Jack Newton, founder of one Canada’s largest legal software companies, isn’t a lawyer, but he’s learned to think like one. A software engineer by training, Newton began his unlikely legal career over coffee in 2007 with the director of practice standards at the Law Society of British Columbia, who kvetched about a problem that beleaguered smaller firms. The day-to-day tasks of running a law practice—time tracking, billing, administration and, most of all, running an on-premises server— were exorbitant for small firms and solo practices, pushing up the cost of legal services. Newton thought he had a solution: what if all those tasks and documents, including sensitive client documents, moved off a firm’s expensive proprietary servers and onto a secure, legal-focused version of the cloud?
Born and raised in Edmonton, Newton studied computer science at the University of Alberta because he was interested in technology. After graduation, he took a job as a software developer working on machine learning problems in medical diagnostics at Chenomx Inc., a commercial spinoff of a project at the university. At Chenomx, he became fascinated by how a company is developed: “I got to see the process of building something from scratch, the fundraising process from the inside,” Newton remembers. “I decided that this is something that I’d really like to do myself.”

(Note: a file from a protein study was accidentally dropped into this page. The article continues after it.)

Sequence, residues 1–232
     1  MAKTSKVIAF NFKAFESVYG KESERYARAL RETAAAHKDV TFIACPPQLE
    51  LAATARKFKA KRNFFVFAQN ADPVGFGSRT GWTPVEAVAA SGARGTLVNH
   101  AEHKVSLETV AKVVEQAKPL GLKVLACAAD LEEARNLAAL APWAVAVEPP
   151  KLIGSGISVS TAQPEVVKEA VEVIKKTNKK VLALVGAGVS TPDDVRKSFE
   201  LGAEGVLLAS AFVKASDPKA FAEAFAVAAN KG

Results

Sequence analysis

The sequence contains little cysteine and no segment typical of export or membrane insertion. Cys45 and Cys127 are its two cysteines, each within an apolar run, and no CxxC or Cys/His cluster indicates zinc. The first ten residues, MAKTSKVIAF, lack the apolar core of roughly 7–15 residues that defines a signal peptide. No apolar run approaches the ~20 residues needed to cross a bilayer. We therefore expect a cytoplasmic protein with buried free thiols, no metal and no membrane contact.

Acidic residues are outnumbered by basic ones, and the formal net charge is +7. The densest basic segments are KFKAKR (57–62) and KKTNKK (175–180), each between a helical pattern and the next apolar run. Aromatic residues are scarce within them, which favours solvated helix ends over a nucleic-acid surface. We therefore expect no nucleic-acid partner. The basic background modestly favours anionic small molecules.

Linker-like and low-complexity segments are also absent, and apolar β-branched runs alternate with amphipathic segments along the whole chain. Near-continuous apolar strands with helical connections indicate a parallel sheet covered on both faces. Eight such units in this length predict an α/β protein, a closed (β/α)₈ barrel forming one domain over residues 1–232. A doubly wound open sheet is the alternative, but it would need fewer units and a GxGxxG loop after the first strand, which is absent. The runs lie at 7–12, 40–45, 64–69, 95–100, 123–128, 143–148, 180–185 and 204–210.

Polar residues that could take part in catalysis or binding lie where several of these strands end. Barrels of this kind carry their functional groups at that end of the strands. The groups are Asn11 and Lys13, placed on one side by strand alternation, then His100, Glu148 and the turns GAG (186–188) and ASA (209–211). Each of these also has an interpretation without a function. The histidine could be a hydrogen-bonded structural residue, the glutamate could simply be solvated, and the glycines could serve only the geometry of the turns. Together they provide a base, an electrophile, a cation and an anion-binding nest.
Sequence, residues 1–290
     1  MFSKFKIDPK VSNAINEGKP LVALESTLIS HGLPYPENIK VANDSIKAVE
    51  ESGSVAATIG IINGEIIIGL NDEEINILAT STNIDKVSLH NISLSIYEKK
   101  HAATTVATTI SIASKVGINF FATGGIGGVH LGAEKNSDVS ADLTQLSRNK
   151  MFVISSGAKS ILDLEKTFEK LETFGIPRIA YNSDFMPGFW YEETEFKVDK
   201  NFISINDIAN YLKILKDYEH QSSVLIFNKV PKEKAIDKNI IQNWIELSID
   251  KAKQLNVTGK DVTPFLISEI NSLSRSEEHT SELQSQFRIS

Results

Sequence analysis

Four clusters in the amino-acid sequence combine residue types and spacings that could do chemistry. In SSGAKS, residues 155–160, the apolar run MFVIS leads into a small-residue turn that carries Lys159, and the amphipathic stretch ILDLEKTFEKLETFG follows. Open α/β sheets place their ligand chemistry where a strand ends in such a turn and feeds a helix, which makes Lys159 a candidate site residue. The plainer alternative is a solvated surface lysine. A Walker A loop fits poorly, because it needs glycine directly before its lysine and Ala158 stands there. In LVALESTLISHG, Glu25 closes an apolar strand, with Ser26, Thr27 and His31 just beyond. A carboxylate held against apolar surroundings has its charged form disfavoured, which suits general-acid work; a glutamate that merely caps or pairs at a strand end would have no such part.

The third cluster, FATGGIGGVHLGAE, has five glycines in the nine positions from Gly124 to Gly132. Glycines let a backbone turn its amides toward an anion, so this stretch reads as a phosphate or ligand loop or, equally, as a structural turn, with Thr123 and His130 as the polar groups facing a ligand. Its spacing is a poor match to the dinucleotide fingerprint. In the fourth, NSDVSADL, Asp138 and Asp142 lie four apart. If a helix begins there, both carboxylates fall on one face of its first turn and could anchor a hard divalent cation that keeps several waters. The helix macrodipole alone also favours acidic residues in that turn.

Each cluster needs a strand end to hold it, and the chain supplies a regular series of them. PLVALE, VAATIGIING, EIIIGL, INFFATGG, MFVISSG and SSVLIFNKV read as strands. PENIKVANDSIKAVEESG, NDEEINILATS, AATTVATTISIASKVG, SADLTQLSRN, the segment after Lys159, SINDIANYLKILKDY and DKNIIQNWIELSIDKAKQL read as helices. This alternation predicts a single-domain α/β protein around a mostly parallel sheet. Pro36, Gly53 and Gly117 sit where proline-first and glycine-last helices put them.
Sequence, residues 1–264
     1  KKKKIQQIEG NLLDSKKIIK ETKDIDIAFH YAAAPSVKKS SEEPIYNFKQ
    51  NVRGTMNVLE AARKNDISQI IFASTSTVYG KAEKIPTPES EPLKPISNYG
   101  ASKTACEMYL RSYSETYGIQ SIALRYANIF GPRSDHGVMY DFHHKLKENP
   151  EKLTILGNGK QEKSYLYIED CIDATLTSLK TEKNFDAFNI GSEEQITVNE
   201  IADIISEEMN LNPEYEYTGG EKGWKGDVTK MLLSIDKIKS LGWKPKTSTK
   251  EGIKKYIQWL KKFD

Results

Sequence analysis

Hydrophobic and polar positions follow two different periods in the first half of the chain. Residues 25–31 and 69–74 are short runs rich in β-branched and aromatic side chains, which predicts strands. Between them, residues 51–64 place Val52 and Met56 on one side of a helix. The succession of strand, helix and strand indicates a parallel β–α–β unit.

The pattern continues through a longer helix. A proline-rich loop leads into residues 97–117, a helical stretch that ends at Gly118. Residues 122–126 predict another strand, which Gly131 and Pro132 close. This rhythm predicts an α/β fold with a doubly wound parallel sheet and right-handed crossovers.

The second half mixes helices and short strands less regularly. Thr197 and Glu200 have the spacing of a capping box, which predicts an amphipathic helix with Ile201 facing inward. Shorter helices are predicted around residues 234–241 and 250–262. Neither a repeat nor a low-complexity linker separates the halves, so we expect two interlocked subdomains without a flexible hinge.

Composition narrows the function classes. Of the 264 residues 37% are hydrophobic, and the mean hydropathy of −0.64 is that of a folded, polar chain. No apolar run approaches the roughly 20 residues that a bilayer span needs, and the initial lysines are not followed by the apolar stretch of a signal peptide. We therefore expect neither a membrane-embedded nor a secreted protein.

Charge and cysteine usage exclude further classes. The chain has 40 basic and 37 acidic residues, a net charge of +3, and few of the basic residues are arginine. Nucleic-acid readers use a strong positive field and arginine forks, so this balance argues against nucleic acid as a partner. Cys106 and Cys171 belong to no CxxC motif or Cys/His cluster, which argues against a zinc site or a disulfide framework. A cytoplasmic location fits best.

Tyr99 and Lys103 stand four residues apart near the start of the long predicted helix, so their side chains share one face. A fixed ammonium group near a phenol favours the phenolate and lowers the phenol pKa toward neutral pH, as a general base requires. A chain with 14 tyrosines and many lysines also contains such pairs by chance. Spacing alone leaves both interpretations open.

His opportunity to act on that impulse came via Rian Gauvreau, a friend since they attended the same elementary school in Edmonton. Newton and Gauvreau, then an IT manager at the law firm Gowling Lafleur Henderson LLP in Vancouver, had talked for years about starting their own company before they launched Clio in 2007. “We were two hammers looking for a nail,” Newton says. “The legal space was ripe for disruption, and we thought that there was a huge opportunity to deliver the benefits of the cloud to small firms.”
Clio is now the most widely used practice management tool for lawyers worldwide, serving 150,000 legal professionals in more than 50 countries. The company has raised US$27 million in venture capital and employs 225 at its offices in Vancouver, Toronto and Dublin. “We started off 10 years ago with pretty humble ambitions—to build a tool that would help make lawyers more productive,” Newton says. “I think we’ve succeeded in that.”